If you give a child a sandbox, he will play in it.
If you give a child a sandbox equipped with ALL kinds of materials for play possibilities, he will create worlds the likes of which we’ve never even imagined. Except maybe, when we were children ourselves.
With creative materials and various “loose parts” at his fingertips, the potential to turn a child’s simple play session into an extended, imagination-filled play experience grows exponentially. He will become an architect, a builder of new worlds. She will become a scientist, experimenting with cause and effect and gravity, making predictions and testing hypothesis. He will be an accomplished chef, serving his imaginary patrons only the best recipes…all of his own creation.
And also? Your child will be busy and happy longer.
Children will play. It’s what they do. It’s our job as teachers, parents, caregivers, and grandparents to create an environment conducive to play. Now, I’m not talking about buying all the toys. I am well aware that children play best with a cardboard box and a couple of sticks. What I’m talking about is providing simple materials to enrich their play spaces; making spaces child-friendly, where messes can be made, ideas can be tried, and children can do their best work.
Adults work so much better with their offices and workspaces built to encourage efficiency and comfort. Why should a child’s work space be any different? Play is a child’s work. So let’s give them the space they need to succeed in the work place!
Quite often, we focus only on the indoor workspace. But even without reading studies and statistics, I can tell you from experience, that children thrive in the outdoors. The kids I work with on a daily basis NEED to be outside at LEAST once a day or tempers flare, they get antsy, or they simply get bored.
This Spring, I’ve been working on making our outdoor play/work space something really special. We started with our Clubhouse, and now we are sharing our new and improved sand play area.
The Mud Pie Kitchen tucked in the back there, will be a different post altogether. Today we will go over the sand play area, starting with the overall design.
I used stumps to divide the sand from the grass for a few reasons. First, it looks fantastic! Secondly, it was cost-effective, having had the stumps donated by one of our dayhome families. But most importantly, the stumps create a terrain that begs for children to come and play.
Stumps serve SO many purposes when it comes to a child’s work space. Stumps make great little tables. Stumps create walls and shade for little creatures that might be part of the day’s play session. Stumps are great for walking on, balancing, and hopping from one to the next. Stumps are helicopter landing pads, tall mountains, diving boards, and skating rinks. Stumps are all the things.
I simply dug holes in the ground, inserted the stumps, stomped and jumped up and down on each one until they all stood sturdy and firm, then packed the dirt back in and around them. I placed them at various heights to create more of a challenge when walking from one to the next.
I used 13 bags of play sand from Home Depot to fill this space. I use a tarp and stones to weigh it down if I need to cover it for any reason. We have had NO cats in our yard thus far, so they have not been a problem at all.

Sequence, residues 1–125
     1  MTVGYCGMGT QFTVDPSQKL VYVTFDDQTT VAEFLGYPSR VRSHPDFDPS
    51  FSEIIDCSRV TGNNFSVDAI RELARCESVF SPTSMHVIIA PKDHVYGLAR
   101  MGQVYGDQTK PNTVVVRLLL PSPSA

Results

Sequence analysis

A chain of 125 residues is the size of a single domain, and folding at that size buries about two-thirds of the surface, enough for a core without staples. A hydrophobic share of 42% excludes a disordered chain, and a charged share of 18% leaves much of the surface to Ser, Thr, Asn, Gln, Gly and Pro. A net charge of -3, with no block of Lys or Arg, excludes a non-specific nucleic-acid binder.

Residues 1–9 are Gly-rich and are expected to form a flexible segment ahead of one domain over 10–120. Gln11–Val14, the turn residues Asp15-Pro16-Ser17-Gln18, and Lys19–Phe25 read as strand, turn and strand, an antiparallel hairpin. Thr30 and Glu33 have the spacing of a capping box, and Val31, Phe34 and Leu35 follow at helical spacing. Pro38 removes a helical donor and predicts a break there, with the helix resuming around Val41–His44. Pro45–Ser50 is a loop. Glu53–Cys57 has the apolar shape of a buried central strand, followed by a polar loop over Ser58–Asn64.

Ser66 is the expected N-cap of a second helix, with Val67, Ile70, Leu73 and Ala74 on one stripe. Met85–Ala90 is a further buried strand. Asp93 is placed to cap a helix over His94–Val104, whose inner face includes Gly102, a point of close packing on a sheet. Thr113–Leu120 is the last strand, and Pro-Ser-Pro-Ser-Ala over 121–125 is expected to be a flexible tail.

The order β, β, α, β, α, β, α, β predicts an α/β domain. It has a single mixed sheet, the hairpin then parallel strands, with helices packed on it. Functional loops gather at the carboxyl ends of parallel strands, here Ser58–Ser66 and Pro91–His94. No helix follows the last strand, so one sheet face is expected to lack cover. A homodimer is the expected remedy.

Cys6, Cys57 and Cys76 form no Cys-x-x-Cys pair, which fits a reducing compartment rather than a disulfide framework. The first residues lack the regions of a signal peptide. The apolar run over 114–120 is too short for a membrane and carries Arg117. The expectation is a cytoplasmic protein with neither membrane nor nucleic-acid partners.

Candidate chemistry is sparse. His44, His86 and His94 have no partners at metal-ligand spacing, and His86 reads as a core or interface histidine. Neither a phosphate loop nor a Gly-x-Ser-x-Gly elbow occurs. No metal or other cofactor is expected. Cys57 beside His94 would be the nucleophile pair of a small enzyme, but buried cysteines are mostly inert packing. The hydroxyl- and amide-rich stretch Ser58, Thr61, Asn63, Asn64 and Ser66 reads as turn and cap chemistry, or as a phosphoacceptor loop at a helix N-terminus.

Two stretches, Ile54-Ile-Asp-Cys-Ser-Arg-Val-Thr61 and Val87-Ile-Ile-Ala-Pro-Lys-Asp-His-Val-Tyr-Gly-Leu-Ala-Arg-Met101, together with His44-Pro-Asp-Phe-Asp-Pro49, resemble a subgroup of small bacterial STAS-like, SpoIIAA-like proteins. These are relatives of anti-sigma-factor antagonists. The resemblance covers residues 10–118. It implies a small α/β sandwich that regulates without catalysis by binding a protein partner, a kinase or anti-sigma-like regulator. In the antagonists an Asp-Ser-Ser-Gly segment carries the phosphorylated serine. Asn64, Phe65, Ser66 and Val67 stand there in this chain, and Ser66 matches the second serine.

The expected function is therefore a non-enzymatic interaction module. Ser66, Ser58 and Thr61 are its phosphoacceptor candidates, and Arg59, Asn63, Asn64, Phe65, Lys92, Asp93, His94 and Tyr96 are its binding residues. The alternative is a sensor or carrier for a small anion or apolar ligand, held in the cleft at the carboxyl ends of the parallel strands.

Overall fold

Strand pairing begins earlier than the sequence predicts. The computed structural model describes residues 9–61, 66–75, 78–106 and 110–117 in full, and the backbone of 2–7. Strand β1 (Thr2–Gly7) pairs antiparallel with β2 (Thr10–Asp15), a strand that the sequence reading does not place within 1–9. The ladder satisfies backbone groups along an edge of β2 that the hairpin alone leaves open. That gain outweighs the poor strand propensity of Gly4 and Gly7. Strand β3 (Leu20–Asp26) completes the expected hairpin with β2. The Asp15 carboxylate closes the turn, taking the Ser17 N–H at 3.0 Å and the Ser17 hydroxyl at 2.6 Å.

I left a space between the stumps to create a pathway to the clubhouse door, thus preventing any kids tripping on their way to and from the clubhouse. You’ll see at the back of this photo I have created a little storage unit for diggers. This is no ordinary storage. It is a log tunnel for bunnies and guinea pigs I purchased at the pet store. I have turned it on its side and placed up against the fence to store the plastic trucks. When it’s not holding the diggers, it can be used as a tunnel for cars, trucks, and diggers, or caves for dinosaurs, bears, etc. I believe in getting the most bang for my buck, so I always try to think of more than one purpose for things I add to our play space.
I also keep the grass tall around the stumps, it provides a wilder, more natural terrain, and creates great cover and hiding places for little toys and parts used in free play.
Our sand play materials can be found on our “loose parts” shelf right next to the sand. A child’s play materials should be convenient, visible, and easily accessible. No artist will want to traipse across the studio each time he needs a pencil or a particular paintbrush, it interrupts the flow of creativity and productivity. I purchased the shelf at a thrift store for $5 and painted it with an exterior paint from the mis-tinted paints section of the local hardware store.
All of the materials on our loose parts shelf with the exception of the terra-cotta pots and the ornamental birds, were found in our indoor stash of play materials. I simply moved them outside.
The top shelf contains little terra-cotta pots, pot trays, river rocks, and little ornamental garden birds. These birds are a favourite for flying the flower fairies around the back yard. They were purchased at Wal-Mart in the seasonal section for $6/each.
*And if you have terra-cotta pots, you have no need to store funnels in your play space. Children have a way of showing us that “other purpose”for things we put within their reach.
The second shelf contains little plastic jars of loose parts, along with plastic grass bits from the dollar store and a few wood blocks…
At the bottom, we have sticks, bird nests, metal basins, a box of Hotwheels, and the larger dinosaurs…
*Next to this shelf is another wooden tunnel I use to store plastic greenery. The children most often use the greenery as trees in their playscapes, but I’ve seen them used as cotton candy, so the sky really is the limit when it comes to play materials!
All in all, this project has been worth every single second of work done and every penny spent. It is a hub of activity whenEVER we are in the back yard…
~Arlee, Small Potatoes